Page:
Thought PiecesAugust 24 2020

What is the History of Family Offices?

2 mins read

Written by Wigmore Firms

Northwood Family Office states, “You can probably go back to the 6th century to find the conceptual roots of the family office. At that time, the major-domo (or highest level domestic staff) was a person who would represent, make arrangements for, or take charge of the affairs of a noble family and its wealth as a family manager or administrator. The modern concept and understanding of family offices was developed in the 19th century. In 1838, the family of J.P. Morgan founded the House of Morgan, which managed the family’s assets, and in 1882, the Rockefellers founded their family office, which continues today.”

Pitcairn, one of our Wigmore members, was established by the second generation as a family office almost a century ago in 1923 as a way to manage their collective assets and advisors, consolidate costs, and improve efficiencies.

“Family offices have come into their own in the last 30 years. As families have become wealthier – through business growth or investments – and as they grew in size – through marriage and childbirth – their affairs often became more complex and required dedicated management. What was easy to manage, with just a nuclear family and modest wealth, became a full-time job when there were multiple generations and substantial non-business wealth. So some wealthy families brought in a trusted advisor – often the family lawyer or accountant, or perhaps a banker or investment manager – to help them manage and coordinate the various components of their family and financial lives. These included investments, trusts, tax planning, family education, wealth transition and financial administration. In some cases, as the workload grew, this person would bring on other staff to assist them in looking after the family. Thus, the family office was formed.”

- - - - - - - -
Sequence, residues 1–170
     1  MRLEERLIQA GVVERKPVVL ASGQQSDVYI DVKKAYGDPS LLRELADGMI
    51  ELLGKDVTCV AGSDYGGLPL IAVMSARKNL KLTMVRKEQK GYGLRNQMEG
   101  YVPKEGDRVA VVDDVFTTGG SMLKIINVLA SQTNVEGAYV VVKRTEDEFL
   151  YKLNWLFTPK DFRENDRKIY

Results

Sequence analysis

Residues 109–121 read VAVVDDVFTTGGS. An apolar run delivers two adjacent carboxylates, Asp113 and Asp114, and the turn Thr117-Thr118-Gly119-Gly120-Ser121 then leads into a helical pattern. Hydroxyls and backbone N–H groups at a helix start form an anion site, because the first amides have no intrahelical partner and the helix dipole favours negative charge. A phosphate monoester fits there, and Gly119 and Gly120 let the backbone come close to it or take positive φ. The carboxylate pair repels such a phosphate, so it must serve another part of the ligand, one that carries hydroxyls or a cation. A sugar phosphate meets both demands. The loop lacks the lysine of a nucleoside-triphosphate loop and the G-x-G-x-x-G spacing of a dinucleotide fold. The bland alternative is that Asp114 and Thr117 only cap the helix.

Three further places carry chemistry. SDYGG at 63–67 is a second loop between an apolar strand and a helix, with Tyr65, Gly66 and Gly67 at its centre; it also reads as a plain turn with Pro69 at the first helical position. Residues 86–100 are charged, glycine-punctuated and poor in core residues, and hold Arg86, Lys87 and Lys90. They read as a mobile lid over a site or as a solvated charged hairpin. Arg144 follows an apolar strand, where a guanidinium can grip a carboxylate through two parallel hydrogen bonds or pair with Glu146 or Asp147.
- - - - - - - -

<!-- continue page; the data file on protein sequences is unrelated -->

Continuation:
It is hard to define how many family offices there are, in 2019 Campden FB reported 7,300 single family offices worldwide[1]. Despite this statistic, the definition and the actual number of single-family offices is unknown, but seems to be about 7,500- 10,000 globally (a ten-fold increase since 2008) with assets under management of $6 trillion (EY, Campden). There are far fewer multi-family offices. If you constrain the list to purely North American firms that have $1B AUM, serve a substantial group of clients with $30+ million, and offer an integrated suite of services, the total is under 150 (J.E. McLaughlin).

This overview piece is a collaboration of thoughts from each Wigmore firm following these questions being asked more frequently than you may think. If you would like any further information regarding the Wigmore Association please contact us through the website.